Bricks-and-mortar retail possesses more potential than ever – you just have to spot it.
With the power of the internet, there’s more than a just a shopping mall at your fingertips, one which we jump on to order bikes and parts from one of the many online suppliers and direct order companies: today, virtually everything can be found and ordered online for hassle-free delivery to your house. As our consumer behaviour has undergone drastic changes, it’s up to the retail sector to realign themselves and benefit from the shift from the store to the sofa.
A world without online shopping is unthinkable these days. With the large majority of us working 9 to 5 as a minimum, we’ve still got to fit in socializing, night riding, and weekend adventures in the mountains. So when it comes to shopping, we leave the house less and less often, relying on the iPad from our trusted position on the sofa instead.
Our reader survey confirms this shift in habits too: compared to 2014, 10% fewer readers bought their bike from a local bike shop, according to our 2015 survey. But despite this decline, we’re adamant that bricks-and-mortar retailing isn’t facing extinction – it’s just going to change.
Online wins, offline loses?
As consumers, we have an unsurpassed wealth of information these days, be it from test reviews in magazines, reviews on online shops, or advice from friends. What’s the best tyre? Which are the most powerful brakes, and which fork is the most state-of-the-art today? The internet can supply all of these answers, and make the decision of which one to buy a whole lot more straightforward.
The online boom is strengthened by the ever-growing and ever-improving sector of direct order companies. Those days of second-rate bikes with top specs are long gone.
Companies like Canyon are considered among the most innovative within the industry, creating superb products and a name for themselves on the market with huge marketing campaigns. They deliver bikes that are meticulously and brilliantly put together right down to the last detail, coming with an unbelievable spec at a virtually unrivalled price. And they have performance to match, justifiably winning test victories and therefore rendering themselves a valid option for all riders – not just budget-conscious ones.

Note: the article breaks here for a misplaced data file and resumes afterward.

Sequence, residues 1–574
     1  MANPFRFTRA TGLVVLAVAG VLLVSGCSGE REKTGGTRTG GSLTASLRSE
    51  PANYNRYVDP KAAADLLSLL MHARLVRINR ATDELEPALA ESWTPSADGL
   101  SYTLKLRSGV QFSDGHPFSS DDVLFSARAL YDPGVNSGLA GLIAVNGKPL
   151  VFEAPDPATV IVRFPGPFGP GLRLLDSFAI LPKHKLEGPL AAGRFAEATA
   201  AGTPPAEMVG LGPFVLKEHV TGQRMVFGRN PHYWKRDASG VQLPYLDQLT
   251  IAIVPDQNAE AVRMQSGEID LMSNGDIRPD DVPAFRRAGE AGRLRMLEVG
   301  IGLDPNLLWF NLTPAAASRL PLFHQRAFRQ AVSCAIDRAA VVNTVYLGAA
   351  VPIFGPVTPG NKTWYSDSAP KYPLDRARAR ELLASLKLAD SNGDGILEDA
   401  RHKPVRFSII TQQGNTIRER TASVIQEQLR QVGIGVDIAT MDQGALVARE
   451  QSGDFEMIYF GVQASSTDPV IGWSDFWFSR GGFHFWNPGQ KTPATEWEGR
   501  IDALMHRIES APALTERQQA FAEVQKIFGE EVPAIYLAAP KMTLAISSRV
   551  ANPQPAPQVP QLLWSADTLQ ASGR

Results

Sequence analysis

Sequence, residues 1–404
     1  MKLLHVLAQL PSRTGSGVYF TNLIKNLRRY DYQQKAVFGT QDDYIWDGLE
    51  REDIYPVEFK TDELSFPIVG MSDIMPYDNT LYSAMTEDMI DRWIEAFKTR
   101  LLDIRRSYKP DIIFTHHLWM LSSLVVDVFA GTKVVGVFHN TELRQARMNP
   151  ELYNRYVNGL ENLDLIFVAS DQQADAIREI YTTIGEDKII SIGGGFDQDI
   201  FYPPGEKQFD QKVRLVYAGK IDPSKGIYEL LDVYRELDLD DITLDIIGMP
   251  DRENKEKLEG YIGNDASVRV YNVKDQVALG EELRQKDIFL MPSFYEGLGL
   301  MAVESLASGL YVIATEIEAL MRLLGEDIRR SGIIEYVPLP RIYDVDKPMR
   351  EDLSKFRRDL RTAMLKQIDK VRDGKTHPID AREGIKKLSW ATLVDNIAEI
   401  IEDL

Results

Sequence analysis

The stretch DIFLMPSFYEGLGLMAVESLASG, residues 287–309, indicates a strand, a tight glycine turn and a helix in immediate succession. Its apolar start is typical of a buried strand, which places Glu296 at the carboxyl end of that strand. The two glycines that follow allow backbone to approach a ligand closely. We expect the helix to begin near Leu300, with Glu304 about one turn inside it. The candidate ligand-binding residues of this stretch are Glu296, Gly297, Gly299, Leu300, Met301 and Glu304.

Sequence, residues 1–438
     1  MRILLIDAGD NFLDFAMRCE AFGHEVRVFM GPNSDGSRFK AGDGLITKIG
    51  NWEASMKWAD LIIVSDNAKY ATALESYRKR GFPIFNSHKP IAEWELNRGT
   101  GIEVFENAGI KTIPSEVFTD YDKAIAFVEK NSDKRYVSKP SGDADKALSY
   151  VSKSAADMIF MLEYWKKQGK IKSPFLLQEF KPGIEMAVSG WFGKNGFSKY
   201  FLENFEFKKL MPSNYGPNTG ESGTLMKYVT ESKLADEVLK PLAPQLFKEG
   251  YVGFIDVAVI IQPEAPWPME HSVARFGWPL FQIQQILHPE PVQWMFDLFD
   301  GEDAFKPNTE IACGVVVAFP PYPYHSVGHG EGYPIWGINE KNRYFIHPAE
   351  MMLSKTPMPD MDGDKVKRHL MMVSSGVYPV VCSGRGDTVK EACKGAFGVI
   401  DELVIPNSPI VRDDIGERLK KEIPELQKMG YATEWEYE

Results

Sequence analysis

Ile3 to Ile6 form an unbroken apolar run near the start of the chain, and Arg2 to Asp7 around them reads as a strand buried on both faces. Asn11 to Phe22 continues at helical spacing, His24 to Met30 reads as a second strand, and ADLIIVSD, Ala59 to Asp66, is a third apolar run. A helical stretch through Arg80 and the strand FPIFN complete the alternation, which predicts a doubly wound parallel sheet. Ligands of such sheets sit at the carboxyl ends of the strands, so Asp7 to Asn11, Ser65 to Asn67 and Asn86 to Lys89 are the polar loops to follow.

This is where there is massive potential for both online suppliers and bricks-and-mortar retailers. In the future it’s crucial that all channels are integrated – both online and offline. This doesn’t mean that every little bike shop needs to have an online shop. But in order to compete with the big players, you do need clever strategies or some big financial leverage. It’s definitely advisable for small shops to hook customers into their space by asserting themselves with a digital presence and communication online via social media. But as in life, sometimes less is more. It’s better to excel with a few concerted efforts rather than attempt everything.
Create and spread the desire online to visit your shop in person. Design an aesthetically appealing shop – or even better, turn a customer’s visit into an experience.
The regular point-of-sale can be turned into a veritable point-of-interest. In short: turn your bike shop into the axis of the local scene. Stage events, rides, and workshops, for example. With competent service and visible passion, you won’t need to worry about the constant pricing battle. Over the next few weeks, we’re going to hunt out shops like this, shops with real service and the real deal. Then we’ll compile a list and certify them in the Top100 – Germany’s Best Bike Shops.
Take a direct order company that’s, for example, taken a new path: they’ve sought serious contact with their customers and sussed out how to communicate. We’re talking about the bike giant ROSE. With their roots as a local shop turned mail order company, they’ve now created two exciting retail experience locations: one at their HQ in Bocholt, the other in the bicycle hotspot of Munich. Modern, open, and friendly, the shops offer a relaxed atmosphere and first-rate advice. At ROSE, it’s up to the customer how and where they’d like to buy their bike: online from the comfort of their sofa, or offline in the shop. In both cases you’ve got a direct contact person – and this is what the future will look like.
More and more companies are clocking into these concepts, including Trek as they begin to sell their bikes online in the US. The delivery is carried out by local, certified shops, which then take on the role of point-of-contact, helping the customer with the setup and tune of the often quite complicated new bike.
Online oder Offline? Is there a winner?
But what ultimately counts is the whole package: as the market becomes increasingly more competitive, it’s not enough to just rely on your brand’s reputation and the subsequent magnetism of the products – just as it’s insufficient to sell bikes purely at knockdown prices. Customers want service and they’re prepared to pay for it. The brands who recognise that, deliver adequate products and differentiate their brand from the masses, won’t have to worry in the future, be them a direct order company or a bricks-and-mortar retailer.
Words: Christoph Bayer Pictures: Christoph Bayer/Klaus Kneist
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